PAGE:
Poinsettia - how we can keep them healthy... and should we bother?

With many of us now nursing sickly-looking plants and wondering what to do with them, horticultural expert and former Poinsettia grower Dan Ori explains how to treat your Poinsettia if you want to keep them.

These are beautiful tropical plants available in a variety of red, pink, white and patterned colourings. For me they are a Christmas must and make a great gift. It is important to highlight that they do have a degree of toxicity so they are to be avoided if you think a pet or child might fancy eating one, also the sap can cause skin and eye irritation.

Firstly there is no shame in treating your Poinsettia as a short use plant, as we do with cut flowers and many annual garden plants. This short use of a month or two in the home is actually the desired outcome of the grower and the convention among most who buy them.

If you are up for the challenge of keeping one past January, these plants can get big; growers normally use a growth inhibitor and this stops working after a few months.

They hate draughts, the best place to grow them at home is a light spot but not in strong sunlight, draught free, and a consistent room temperature above 13C/55F.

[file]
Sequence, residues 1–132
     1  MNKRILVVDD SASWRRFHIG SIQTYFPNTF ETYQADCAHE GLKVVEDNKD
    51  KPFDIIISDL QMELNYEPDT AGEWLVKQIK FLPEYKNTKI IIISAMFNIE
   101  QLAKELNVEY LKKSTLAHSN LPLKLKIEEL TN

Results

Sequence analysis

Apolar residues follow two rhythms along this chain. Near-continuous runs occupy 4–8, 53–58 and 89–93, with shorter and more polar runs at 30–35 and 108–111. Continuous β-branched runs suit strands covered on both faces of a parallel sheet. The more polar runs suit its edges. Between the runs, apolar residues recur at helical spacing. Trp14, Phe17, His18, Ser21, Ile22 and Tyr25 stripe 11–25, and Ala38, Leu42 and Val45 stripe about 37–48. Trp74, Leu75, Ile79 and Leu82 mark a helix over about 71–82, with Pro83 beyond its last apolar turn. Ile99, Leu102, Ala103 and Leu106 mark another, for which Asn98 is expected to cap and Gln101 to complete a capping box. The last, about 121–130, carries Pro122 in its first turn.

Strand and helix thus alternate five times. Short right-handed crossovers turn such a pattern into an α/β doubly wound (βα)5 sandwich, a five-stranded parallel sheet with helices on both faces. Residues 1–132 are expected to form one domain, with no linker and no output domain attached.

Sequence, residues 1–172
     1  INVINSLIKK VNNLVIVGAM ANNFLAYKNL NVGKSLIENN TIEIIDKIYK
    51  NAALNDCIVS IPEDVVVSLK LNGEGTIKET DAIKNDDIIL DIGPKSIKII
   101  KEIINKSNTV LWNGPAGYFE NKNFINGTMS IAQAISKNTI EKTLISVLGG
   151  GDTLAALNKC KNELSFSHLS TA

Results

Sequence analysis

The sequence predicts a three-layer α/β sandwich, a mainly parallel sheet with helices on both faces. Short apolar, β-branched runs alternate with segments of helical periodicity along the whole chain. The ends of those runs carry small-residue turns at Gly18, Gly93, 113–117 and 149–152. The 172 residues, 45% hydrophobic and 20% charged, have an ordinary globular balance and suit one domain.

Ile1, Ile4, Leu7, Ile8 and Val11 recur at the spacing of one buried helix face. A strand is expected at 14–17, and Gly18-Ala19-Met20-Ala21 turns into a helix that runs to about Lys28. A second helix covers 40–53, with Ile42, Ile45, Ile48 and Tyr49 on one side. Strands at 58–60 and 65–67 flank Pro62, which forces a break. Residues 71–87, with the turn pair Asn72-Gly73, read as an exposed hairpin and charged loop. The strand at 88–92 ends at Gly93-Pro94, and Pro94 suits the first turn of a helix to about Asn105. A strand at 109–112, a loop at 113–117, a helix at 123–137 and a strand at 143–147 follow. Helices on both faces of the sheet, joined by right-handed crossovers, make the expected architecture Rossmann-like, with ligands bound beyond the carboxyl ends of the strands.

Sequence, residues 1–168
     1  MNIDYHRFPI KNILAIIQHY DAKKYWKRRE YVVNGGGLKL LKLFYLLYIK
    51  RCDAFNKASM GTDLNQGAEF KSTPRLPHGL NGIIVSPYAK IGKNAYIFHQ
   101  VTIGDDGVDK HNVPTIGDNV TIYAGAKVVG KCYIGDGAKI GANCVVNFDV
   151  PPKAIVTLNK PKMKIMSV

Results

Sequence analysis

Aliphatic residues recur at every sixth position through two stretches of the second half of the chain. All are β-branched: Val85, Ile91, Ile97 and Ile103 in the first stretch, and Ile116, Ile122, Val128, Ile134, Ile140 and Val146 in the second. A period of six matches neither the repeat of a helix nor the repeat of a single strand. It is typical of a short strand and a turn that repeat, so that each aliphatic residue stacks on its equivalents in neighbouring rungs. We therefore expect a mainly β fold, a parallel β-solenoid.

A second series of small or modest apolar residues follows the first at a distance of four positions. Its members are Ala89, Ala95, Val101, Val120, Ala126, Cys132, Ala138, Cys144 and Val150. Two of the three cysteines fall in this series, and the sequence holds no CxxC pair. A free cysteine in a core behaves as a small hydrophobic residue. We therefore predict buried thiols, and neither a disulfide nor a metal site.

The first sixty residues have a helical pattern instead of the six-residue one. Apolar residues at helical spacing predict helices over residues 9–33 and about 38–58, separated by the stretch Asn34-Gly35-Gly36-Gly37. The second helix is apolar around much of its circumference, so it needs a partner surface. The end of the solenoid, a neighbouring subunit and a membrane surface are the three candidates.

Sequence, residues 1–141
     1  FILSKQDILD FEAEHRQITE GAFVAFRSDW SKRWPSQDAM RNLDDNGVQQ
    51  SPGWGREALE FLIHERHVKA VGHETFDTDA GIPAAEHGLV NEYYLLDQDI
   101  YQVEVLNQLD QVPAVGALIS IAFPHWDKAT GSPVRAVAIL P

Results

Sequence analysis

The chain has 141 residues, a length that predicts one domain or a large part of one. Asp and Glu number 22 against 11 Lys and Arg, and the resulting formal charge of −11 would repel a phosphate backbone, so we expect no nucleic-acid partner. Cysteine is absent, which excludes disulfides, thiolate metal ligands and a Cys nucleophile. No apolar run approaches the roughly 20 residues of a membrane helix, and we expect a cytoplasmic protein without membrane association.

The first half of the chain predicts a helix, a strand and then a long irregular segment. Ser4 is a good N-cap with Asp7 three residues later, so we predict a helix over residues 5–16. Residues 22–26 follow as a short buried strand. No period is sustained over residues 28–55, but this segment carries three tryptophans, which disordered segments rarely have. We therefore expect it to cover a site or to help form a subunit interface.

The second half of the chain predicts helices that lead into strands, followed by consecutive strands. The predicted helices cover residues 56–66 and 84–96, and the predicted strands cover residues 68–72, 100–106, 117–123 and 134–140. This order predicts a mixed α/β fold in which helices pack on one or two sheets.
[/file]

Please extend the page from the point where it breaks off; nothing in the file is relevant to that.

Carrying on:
As far as watering goes you are more likely to kill these plants by overwatering! Make sure they don’t sit in water, and only water once the top of the compost has dried out; to test if the top of the compost is dry, sink your index finger in the compost down to the knuckle and if you can't feel any moisture water it.

The colour interest is not from flowering, the colourful growth are modified leaves called bracts, for this reason feeds to maintain the colour are different from flowering plant feeds. You can feed monthly with a specific Poinsettia feed or a low nitrogen/high potassium fertiliser.

Cut back hard in April to a healthy leaf or bud. Re-pot in May using a house plant compost or 3 parts John Innes No3 and 1 part horticultural grit.

If you want to fool them into colouring up, they need 12 hours of total darkness for about 8 weeks. So for colour in the summer you have to imitate winter light conditions, let them get a full day of sun then put in a dark cupboard for a day or so, then bring out for a few hours each day until the bracts colour up.